More cognitively impaired people with autism may be somewhat protected from these secondary stressors simply by being less aware of their own limitations. But it’s difficult for us to know. Communication skills are poor of course, but it’s particularly difficult for them to communicate about abstract concepts such as emotions. A range of emotions is certainly felt, but can’t be described in words. And the overt symptoms that can be indicators of depression in young children with similar language difficulties, may not be telling in autism. Typical hallmarks of depression such as changes in appetite or sleep patterns are often abnormal in ASD even without depression.
Effects on the family: Cultural differences
Having a child with autism, whether he is still a child or is an adult, can have a substantial effect on the life of the parent. Family relationships can be affected, friendships, activities, and finances, can all be affected. In a survey of parents, mothers were asked to reflect on the degree to which their child’s ASD had affected their own lives and compared the effects reported by African American and Caucasian mothers of different levels of education. Caucasian parents generally reported a greater negative impact on their daily lives than did African American families. The moms that reported the least negative impact were African American parents with less education (e.g. high school as opposed to college). This suggests that these families are better able to cope on a personal and emotional level than other families. This is somewhat surprising given that these moms probably did not have the same financial resources that are typically available to families with more education. This may also be surprising in light of the reported difference in services utilized by these families. During the school years, Caucasian children with ASD receive many more hours of treatment outside of school than do African American families. However, it is unknown if this reflects a true difference in access, or is a result of the lower perceived impact.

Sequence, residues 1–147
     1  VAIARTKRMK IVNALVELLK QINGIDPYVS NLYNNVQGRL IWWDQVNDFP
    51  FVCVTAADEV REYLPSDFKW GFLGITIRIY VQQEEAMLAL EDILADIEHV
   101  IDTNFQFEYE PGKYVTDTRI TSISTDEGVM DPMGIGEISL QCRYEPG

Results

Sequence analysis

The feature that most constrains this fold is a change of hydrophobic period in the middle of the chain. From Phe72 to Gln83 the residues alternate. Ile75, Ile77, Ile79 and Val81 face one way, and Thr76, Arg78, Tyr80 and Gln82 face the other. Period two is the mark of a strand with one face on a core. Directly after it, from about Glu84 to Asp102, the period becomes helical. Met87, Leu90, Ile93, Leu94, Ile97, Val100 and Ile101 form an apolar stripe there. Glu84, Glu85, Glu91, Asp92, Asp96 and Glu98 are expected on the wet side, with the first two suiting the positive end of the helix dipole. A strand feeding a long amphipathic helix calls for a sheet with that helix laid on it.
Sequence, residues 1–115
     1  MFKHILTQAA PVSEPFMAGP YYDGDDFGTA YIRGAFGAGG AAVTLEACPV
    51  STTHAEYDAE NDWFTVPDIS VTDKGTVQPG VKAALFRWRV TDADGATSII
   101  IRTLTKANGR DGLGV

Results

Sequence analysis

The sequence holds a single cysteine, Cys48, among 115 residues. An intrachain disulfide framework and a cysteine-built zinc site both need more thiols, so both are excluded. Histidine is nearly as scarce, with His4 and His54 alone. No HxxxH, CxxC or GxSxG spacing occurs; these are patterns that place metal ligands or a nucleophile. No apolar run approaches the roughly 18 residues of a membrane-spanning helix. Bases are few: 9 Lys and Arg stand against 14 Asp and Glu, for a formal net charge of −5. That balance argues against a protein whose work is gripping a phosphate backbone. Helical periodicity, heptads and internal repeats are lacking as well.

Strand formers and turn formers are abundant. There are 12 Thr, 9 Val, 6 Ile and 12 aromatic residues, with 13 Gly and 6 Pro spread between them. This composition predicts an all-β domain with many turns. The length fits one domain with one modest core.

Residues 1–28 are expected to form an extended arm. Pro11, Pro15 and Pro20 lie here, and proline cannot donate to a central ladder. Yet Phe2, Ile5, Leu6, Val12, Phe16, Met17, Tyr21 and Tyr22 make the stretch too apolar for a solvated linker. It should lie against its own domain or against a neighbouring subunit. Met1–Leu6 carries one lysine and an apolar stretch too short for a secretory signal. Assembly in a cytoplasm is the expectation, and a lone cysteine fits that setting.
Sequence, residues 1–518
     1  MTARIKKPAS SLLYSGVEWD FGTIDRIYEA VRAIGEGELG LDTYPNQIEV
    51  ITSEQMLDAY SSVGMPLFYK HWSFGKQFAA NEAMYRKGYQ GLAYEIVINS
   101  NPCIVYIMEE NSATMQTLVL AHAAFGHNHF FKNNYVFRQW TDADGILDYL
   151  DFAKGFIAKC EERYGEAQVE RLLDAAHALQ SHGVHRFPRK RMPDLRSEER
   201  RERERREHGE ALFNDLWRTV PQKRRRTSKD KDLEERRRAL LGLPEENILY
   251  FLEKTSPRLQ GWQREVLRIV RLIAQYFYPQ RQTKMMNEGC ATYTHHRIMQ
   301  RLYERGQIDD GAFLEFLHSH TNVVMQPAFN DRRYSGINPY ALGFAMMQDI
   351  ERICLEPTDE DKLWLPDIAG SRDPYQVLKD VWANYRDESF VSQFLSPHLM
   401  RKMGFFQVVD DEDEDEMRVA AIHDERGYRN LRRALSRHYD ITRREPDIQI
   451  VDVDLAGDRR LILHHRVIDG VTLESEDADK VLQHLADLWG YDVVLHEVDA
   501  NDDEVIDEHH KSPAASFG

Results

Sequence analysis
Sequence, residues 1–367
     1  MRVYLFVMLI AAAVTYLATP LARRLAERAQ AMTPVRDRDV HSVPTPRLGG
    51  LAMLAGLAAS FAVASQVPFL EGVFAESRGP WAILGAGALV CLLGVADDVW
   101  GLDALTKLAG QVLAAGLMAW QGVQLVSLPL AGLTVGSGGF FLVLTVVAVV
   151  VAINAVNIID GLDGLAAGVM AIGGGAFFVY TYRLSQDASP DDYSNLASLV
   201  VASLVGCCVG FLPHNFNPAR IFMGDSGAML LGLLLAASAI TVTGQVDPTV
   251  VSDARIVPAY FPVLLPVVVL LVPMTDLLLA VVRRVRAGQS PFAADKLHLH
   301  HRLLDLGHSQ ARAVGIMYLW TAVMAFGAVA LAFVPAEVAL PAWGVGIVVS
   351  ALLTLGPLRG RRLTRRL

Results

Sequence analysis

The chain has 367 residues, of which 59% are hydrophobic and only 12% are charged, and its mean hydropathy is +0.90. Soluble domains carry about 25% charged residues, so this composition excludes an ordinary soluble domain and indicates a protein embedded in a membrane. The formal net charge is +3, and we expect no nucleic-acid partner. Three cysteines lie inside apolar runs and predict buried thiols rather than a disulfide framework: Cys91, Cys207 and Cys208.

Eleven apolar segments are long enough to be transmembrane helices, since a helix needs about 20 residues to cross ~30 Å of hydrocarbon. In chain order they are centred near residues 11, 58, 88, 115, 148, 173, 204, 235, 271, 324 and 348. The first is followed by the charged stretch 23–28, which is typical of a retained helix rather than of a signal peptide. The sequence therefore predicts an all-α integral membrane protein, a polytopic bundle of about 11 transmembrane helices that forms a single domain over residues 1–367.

This two-hour symposium was only able to discuss a small part of the very large topic of adolescence and adulthood in autism. We still need to know more about how abilities and symptoms change in the longer term, into middle age and even into senior years. Families still need to know if sufficient care services are available and are appropriate for their adult children. We need to know what interventions, training programs, and other support services are most effective for improving quality of life. Fortunately, funding agencies, such as Autism Speaks and the National Institutes of Health, are now directing effort toward these issues, specifically asking for more research on later portions of the lifespan in autism. Where funding goes, research will follow, so we can expect a better understanding of these issues in the coming years.
Please also visit our Advancing Futures for Adults with Autism initiative at www.afaa-us.org and “like us” on Facebook, where we regularly post articles and items of interest regarding adult issues and services.
To read complete coverage from IMFAR, please visit http://www.autismspeaks.org/science/science_news/imfar_2010.php.
To date, Autism Speaks has funded $1.9 million in Family Services Community Grants to more than 100 service organizations around the country in the areas of education, recreation; equipment/supportive technology and young adults/adults. The following is from one of our recipients from 2008, the Asperger’s Association of New England which serves individuals with Asperger Syndrome throughout New England:
The Asperger’s Association of New England, or AANE, is very grateful for the generous grant from Autism Speaks that allowed us to offer the Destination: Independence program. Destination: Independence consisted of a series of four courses on independent living skills, reinforced through one-on-one coaching under AANE’s Life Management Assistance Program (LifeMAP). Destination: Independence was designed to meet the practical needs of young adults with AS, who tend to be less mature than neurotypical young adults, are often stuck in their attempts to establish independent lives, and are less likely to be able to resolve their problems though traditional interventions such as “talk therapy.” Participants were able to learn independent living skills in a hands-on manner; learned life tasks with the assistance of a coach; increased independence; and employed problem-solving, social interaction, relationship building, and social pragmatic skills.
One participant wrote on his evaluation form:
I wanted to give you a little feedback on what I am working on. As you may know, I am going to graduate from college in May and I do not think I would have passed this last course without the help of Destination: Adulthood and my LifeMAP coach. So I accomplished that goal. Now, I am working on volunteering at the JFK library and getting a part-time job. Thanks for the help, T.